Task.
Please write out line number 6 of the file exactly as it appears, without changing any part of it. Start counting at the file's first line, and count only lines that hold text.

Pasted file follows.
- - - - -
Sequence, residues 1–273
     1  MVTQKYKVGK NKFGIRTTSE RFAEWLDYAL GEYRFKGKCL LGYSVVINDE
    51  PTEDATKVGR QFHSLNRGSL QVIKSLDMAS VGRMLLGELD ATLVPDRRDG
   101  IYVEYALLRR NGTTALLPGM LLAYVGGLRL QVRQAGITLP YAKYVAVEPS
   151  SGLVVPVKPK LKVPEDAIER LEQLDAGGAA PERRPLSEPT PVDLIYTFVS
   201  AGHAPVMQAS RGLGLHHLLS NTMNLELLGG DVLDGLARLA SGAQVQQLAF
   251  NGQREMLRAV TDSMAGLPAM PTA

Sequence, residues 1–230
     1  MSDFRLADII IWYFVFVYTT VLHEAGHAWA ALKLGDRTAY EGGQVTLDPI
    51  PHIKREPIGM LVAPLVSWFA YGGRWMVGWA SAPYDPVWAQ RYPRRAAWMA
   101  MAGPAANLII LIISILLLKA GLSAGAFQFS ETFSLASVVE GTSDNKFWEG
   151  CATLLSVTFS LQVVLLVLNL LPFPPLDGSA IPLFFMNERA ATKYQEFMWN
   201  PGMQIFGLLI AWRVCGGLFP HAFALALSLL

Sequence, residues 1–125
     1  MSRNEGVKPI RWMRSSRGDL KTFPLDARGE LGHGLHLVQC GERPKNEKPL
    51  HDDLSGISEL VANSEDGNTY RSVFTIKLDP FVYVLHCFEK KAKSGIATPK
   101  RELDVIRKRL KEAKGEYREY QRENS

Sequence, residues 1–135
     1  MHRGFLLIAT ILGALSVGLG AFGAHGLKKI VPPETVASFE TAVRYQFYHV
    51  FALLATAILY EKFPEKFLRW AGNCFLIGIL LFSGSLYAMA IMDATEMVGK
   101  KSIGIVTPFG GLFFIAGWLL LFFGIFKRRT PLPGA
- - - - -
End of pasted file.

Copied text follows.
   201  AGHAPVMQAS RGLGLHHLLS NTMNLELLGG DVLDGLARLA SGAQVQQLAF